An Irish soldier with the UN peacekeeping force in Lebanon was shot and killed and another seriously wounded when unidentified assailants opened fire at a passing convoy late on Wednesday.
Two other Irish soldiers were injured in the incident at the village of Al Aqbieh, southern Lebanon, when the peacekeepers were travelling to Beirut ― but not on a road typically used by Unifil to go to the capital.
Official confirmation over what caused the death of the soldier remains unclear, because the vehicle crashed either during, or following the gunfire. But a Lebanese judicial source later told AFP that the peacekeeper was killed by a bullet to the head when seven projectiles pierced the vehicle.
“Last night, a peacekeeper was killed and three others were injured in the village of Al Aqbieh near Sarafan, which is just outside Unifil’s area of operations and not far from the highway,” said Andrea Tenenti of the UN Peacekeeping Force in Lebanon (Unifil), on Thursday.
The Irish Defence Forces named the soldier who was killed as Private Sean Rooney, 23, from Newtowncunningham in County Donegal, north-west Ireland.
He had joined the Defence Forces in 2019, serving in the 27th Infantry Battalion, based in Dundalk, County Louth, north-east Ireland.
Fellow peacekeeper Private Shane Kearney, 22, is in a serious condition, the military said on Thursday.
Unifil said it has launched an investigation into the incident.
“At the moment, details are sparse and conflicting,” Mr Tenenti said. “But we are looking into the circumstances that led to this incident.”
“This happened just outside our area of operations, we only use these roads to go to Beirut and to the airport and that's what the two vehicles were doing,” he said.
Hezbollah, the Lebanese armed group and political party that has a major presence in Al Aqbieh and in many parts of the country, on Thursday denied its involvement in the death of Pvt Rooney. A senior security official for the group, Wafic Safa, told Reuters the party offered its condolences following the “unintentional incident that took place between the residents of Al Aqbieh and individuals from the Irish unit.”
Media aligned with Hezbollah reported that the attack occurred after a dispute over the convoy's route, which led to gunfire causing the vehicle to crash as it attempted to speed away.
On Thursday morning Lebanese Army soldiers stood near a cordoned off area on one of the main roads leading through the coastal town of Al Aqbieh. Onlookers were prevented from taking photos by the Lebanese Army.
They were accompanied by a handful of Unifil soldiers, some taking pictures perhaps for evidence, and jeeps marked as Military Police. A group of locals observed as a Lebanese Army truck sought to wrench the beaten-up Unifil vehicle from the ground.
With smashed windows and lying on its left side, the vehicle was eventually pulled on to four wheels.
It is not known how the Unifil vehicle ended up in Al Aqbieh, a large village located nearby but not directly on the highway linking southern Lebanon with Beirut. The vehicle was lying on its side on a small side street leading off one of Al Aqbieh’s main roads.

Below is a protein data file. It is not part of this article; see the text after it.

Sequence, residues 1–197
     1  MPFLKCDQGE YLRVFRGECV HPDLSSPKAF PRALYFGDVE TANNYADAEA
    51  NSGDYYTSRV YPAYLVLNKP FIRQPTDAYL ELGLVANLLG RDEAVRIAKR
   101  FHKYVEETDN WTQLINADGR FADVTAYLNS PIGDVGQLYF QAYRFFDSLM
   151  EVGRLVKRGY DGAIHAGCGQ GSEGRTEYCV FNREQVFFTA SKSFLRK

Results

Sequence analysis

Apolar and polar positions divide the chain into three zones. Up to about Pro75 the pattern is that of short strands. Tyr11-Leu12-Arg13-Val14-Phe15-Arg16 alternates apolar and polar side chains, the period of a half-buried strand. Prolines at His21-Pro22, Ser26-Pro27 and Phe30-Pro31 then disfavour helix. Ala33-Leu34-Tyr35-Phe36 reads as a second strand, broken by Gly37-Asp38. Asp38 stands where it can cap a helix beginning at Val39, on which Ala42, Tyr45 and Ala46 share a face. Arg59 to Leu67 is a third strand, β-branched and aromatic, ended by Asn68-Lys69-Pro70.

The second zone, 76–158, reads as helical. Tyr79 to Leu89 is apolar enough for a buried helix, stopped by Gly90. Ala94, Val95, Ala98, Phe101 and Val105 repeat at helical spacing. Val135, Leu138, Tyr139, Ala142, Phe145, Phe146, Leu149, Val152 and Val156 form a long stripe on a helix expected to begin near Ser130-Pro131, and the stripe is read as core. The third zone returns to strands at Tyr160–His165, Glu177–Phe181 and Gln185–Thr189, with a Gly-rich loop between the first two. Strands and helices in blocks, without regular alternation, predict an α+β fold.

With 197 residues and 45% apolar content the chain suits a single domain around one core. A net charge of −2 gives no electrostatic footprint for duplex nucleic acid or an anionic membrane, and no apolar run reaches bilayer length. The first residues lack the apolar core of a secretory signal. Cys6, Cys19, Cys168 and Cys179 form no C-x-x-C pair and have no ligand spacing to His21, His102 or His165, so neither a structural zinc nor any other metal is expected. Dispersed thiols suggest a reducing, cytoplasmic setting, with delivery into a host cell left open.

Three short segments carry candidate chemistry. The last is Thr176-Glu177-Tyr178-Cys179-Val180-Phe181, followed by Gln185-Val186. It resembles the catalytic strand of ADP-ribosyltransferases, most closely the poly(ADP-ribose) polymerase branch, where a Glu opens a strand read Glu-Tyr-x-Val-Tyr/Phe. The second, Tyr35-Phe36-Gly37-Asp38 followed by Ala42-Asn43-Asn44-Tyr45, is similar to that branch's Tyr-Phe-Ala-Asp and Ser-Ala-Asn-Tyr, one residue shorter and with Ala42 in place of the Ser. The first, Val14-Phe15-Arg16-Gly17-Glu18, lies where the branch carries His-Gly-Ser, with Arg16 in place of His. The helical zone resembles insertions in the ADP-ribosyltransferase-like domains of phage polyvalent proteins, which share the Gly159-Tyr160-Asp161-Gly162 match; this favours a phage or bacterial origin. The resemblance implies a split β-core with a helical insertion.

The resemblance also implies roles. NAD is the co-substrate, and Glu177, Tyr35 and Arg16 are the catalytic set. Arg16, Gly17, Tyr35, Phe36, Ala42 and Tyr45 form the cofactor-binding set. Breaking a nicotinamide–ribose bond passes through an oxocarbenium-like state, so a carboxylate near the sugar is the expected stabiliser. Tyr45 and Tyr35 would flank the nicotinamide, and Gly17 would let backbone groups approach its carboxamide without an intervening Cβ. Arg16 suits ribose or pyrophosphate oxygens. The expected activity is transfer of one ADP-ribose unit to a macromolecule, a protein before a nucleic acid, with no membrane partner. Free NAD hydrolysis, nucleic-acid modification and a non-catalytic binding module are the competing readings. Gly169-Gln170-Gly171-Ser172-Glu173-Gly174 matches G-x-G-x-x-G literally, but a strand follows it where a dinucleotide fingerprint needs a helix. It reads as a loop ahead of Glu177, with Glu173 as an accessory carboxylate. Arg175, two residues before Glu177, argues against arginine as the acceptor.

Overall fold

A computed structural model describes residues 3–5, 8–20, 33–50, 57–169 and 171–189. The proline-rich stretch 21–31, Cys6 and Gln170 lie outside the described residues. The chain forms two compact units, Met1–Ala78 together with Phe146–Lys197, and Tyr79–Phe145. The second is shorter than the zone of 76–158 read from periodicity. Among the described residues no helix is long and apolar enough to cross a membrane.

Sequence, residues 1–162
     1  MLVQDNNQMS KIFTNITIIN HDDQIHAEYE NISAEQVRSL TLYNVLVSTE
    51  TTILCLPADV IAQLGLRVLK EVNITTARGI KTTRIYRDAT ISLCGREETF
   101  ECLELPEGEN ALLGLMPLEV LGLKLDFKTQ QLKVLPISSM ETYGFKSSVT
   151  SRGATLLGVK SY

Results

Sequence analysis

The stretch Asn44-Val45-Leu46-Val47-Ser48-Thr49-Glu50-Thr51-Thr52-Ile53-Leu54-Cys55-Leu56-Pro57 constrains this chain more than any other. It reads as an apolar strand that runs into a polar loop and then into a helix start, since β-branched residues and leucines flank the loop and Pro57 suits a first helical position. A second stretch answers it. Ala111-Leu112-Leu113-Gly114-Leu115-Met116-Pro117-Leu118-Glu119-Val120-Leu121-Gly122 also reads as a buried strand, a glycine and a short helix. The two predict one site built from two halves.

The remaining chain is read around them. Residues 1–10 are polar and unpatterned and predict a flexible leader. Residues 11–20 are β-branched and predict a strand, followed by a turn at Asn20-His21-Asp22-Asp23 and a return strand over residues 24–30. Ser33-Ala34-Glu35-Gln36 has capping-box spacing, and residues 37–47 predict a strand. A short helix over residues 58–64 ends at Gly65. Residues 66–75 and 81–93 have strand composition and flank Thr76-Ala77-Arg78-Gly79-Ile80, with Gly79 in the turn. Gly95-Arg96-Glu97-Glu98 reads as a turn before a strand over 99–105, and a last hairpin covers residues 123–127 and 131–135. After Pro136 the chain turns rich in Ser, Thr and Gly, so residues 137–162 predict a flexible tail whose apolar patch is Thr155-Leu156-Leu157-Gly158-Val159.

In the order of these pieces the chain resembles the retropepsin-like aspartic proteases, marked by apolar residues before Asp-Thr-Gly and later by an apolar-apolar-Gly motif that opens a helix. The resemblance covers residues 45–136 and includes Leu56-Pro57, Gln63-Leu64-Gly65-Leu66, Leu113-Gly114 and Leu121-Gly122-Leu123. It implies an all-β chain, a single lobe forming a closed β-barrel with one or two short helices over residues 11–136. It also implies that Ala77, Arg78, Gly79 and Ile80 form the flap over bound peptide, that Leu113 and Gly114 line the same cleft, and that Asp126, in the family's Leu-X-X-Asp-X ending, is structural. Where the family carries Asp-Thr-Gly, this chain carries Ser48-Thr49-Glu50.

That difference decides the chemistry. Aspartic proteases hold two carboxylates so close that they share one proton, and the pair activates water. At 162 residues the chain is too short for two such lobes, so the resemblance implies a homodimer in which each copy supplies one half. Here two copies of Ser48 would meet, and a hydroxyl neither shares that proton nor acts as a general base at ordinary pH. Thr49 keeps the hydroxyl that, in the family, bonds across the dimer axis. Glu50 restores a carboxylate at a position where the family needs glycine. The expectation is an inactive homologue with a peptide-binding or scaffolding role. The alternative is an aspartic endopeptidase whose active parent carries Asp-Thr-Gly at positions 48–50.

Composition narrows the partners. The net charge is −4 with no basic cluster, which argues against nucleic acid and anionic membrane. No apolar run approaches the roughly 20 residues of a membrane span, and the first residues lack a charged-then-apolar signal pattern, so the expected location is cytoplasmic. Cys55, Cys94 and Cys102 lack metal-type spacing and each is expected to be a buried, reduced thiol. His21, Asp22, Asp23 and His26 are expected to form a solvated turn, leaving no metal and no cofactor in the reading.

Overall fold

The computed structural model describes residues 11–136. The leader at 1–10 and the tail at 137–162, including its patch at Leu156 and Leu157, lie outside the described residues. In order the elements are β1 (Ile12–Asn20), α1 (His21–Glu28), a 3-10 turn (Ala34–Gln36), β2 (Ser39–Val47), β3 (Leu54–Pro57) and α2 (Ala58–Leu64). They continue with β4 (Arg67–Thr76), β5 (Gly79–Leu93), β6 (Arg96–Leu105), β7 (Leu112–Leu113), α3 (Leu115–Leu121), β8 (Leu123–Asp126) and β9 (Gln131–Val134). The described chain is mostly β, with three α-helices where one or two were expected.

According to the Irish Defence Forces, “a convoy of two armoured utility vehicles carrying eight personnel travelling to Beirut came under small arms fire”.
The vehicles were “surrounded by a hostile mob” while conducting routine transportation after shots were fired, Irish Minister for Defence Simon Coveney said.
He said the families of the soldiers involved had been informed overnight, adding that it was the first Irish death on a peacekeeping mission for about two decades.
“Four personnel were taken to Raee Hospital, near Sidon, as a result of the incident. One soldier was pronounced dead on arrival at the hospital and another has undergone surgery and is in a serious condition,” the Irish forces said.
Two other soldiers are being treated for minor injuries. A medical officer from the 121st Infantry Battalion is with the soldiers at the hospital.
Irish President Michael Higgins expressed his “deepest sorrow” over the death.
“As a people, we take great pride in our unbroken record of peacekeeping with the United Nations,” he said.
“However, we must never forget the dangers that come with this work or how the members of our Defence Forces serving on peacekeeping missions abroad risk their lives every day in order to build and maintain peace in conflict zones across the world.”
Mr Coveney, who is in New York for a UN Security Council meeting, said he would meet Secretary General Antonio Guterres on Thursday to discuss the incident.
He said he had learnt of the “serious incident” with a “profound sadness and a deep sense of shock”.
“At this time I want to express, on behalf of everyone in Ireland, our utmost sorrow at the loss of a young man serving his country and the United Nations overseas,” said Mr Coveney. “To his family I want to say sorry for their heartbreak and loss.”
He said he would return to Ireland this evening “to discuss the loss of our peacekeeper and the full investigation that must now follow”.
The 121st Infantry Battalion, made up of 333 Irish soldiers, was deployed to south Lebanon last month. They are part of a unit also containing Maltese, Polish and Hungarian personnel.
About 13,000 UN peacekeepers are stationed in Lebanon, where the interim force has managed a ceasefire with Israel.
More than 300 soldiers serving with Unifil have lost their lives since 1978. Forty-eight of those were Irish.
The last time peacekeepers were killed in an attack was when three Colombian and three Spanish soldiers in the international force were hit by a bomb blast between Marjayoun and Khaim in southern Lebanon in June 2007.
In 2011, six Italian soldiers were injured when their vehicle hit a roadside bomb near Sidon.